Beulemans French : bad French ; verbeulemansen: to Frenchify

After Ferdinand Beulemans, a character from the popular play Le mariage de Mlle Beulemans by Frantz Fonson (1870-1924) and Fernand Wicheler (1874-1935).

The play in three acts is set in a Brussels middle-class environment in the years 1909-1910. Ferdinand Beulemans has become a rich beer stinger. His daughter is engaged to Séraphin Meulemeester, son of a colleague and competitor.

The play was first performed on March 18, 1910 at the popular Théâtre de l'Olympia in Brussels. It was a hit from the very first performance. After June 7, 1910, five hundred performances followed in Paris.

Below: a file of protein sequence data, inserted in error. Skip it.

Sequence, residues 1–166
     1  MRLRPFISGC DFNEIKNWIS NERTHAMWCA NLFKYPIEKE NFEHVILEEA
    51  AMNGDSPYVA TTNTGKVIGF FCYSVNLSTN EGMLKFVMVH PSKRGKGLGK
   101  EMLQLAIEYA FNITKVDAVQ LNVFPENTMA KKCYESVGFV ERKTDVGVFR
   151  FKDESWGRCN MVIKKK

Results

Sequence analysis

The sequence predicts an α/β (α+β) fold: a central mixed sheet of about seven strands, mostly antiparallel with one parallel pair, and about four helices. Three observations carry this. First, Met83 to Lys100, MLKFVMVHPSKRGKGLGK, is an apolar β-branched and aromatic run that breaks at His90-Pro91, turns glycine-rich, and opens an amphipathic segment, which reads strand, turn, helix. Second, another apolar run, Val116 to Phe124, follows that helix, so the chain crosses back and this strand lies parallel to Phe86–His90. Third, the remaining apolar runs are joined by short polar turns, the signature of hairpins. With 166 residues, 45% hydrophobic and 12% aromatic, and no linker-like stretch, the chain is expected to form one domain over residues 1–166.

It was translated from the Brussels dialect into ten languages and distributed all over the world. Before the war, the play had been performed more than a thousand times.

The Brussels tradesman of 1910 is usually a Fleming who easily renounces his mother tongue and only uses Dutch in the family atmosphere. In his attempts to speak French – he loves French and Paris – he utters the craziest words and phrases.

Examples: 'Je suis chemin' (I'm gone) and 'ça penche mes pieds dehors' (It's hanging off my feet).

The sentence dates from 1922: 'And Flanders does not become independent, then it will become verbeulemanst.' In the world of comics, the prototype of the eternal Beulemans is undoubtedly Serafijn Lampion, the Brussels insurance broker from Hergé's Tintin adventures.